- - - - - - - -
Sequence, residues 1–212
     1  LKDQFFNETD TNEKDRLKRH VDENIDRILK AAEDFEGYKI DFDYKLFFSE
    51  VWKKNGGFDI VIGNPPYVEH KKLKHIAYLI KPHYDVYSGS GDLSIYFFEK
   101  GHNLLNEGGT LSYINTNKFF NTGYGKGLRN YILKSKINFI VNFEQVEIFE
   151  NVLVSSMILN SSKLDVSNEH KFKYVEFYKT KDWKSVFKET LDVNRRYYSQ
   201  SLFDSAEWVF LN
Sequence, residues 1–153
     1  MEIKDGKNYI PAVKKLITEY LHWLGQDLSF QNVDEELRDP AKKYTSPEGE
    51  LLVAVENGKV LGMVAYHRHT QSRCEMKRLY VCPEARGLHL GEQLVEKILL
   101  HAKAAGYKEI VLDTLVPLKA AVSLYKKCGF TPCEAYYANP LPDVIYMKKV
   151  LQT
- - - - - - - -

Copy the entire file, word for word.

Sequence, residues 1–212
     1  LKDQFFNETD TNEKDRLKRH VDENIDRILK AAEDFEGYKI DFDYKLFFSE
    51  VWKKNGGFDI VIGNPPYVEH KKLKHIAYLI KPHYDVYSGS GDLSIYFFEK
   101  GHNLLNEGGT LSYINTNKFF NTGYGKGLRN YILKSKINFI VNFEQVEIFE
   151  NVLVSSMILN SSKLDVSNEH KFKYVEFYKT KDWKSVFKET LDVNRRYYSQ
   201  SLFDSAEWVF LN
Sequence, residues 1–153
     1  MEIKDGKNYI PAVKKLITEY LHWLGQDLSF QNVDEELRDP AKKYTSPEGE
    51  LLVAVENGKV LGMVAYHRHT QSRCEMKRLY VCPEARGLHL GEQLVEKILL
   101  HAKAAGYKEI VLDTLVPLKA AVSLYKKCGF TPCEAYYANP LPDVIYMKKV
   151  LQT